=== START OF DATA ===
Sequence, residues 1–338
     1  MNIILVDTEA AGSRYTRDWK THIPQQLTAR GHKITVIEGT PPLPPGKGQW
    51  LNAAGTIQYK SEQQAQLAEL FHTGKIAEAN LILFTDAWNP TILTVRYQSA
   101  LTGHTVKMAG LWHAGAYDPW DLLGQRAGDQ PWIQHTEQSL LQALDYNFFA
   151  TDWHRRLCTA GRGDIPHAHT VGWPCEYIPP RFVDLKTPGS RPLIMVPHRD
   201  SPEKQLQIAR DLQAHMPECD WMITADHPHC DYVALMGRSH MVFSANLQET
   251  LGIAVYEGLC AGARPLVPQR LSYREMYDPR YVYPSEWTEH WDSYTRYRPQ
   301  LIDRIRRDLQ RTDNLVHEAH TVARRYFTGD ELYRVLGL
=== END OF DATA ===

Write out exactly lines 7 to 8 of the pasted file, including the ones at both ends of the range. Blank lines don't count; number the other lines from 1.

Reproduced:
   251  LGIAVYEGLC AGARPLVPQR LSYREMYDPR YVYPSEWTEH WDSYTRYRPQ
   301  LIDRIRRDLQ RTDNLVHEAH TVARRYFTGD ELYRVLGL